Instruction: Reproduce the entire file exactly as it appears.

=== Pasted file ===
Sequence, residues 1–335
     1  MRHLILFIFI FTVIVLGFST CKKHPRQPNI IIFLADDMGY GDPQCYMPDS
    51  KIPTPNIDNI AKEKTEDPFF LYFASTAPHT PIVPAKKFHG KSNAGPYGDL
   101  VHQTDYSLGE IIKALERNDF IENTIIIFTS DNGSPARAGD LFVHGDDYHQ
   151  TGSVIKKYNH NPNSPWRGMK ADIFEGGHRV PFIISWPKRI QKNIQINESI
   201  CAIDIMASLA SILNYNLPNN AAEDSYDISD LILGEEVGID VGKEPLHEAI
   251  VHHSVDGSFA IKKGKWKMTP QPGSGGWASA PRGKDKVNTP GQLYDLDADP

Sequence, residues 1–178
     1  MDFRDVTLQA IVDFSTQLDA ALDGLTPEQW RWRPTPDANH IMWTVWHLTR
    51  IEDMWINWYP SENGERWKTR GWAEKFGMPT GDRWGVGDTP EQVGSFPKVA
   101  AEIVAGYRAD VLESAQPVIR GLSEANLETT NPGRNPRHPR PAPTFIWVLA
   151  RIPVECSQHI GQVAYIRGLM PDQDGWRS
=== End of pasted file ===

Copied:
Sequence, residues 1–335
     1  MRHLILFIFI FTVIVLGFST CKKHPRQPNI IIFLADDMGY GDPQCYMPDS
    51  KIPTPNIDNI AKEKTEDPFF LYFASTAPHT PIVPAKKFHG KSNAGPYGDL
   101  VHQTDYSLGE IIKALERNDF IENTIIIFTS DNGSPARAGD LFVHGDDYHQ
   151  TGSVIKKYNH NPNSPWRGMK ADIFEGGHRV PFIISWPKRI QKNIQINESI
   201  CAIDIMASLA SILNYNLPNN AAEDSYDISD LILGEEVGID VGKEPLHEAI
   251  VHHSVDGSFA IKKGKWKMTP QPGSGGWASA PRGKDKVNTP GQLYDLDADP

Sequence, residues 1–178
     1  MDFRDVTLQA IVDFSTQLDA ALDGLTPEQW RWRPTPDANH IMWTVWHLTR
    51  IEDMWINWYP SENGERWKTR GWAEKFGMPT GDRWGVGDTP EQVGSFPKVA
   101  AEIVAGYRAD VLESAQPVIR GLSEANLETT NPGRNPRHPR PAPTFIWVLA
   151  RIPVECSQHI GQVAYIRGLM PDQDGWRS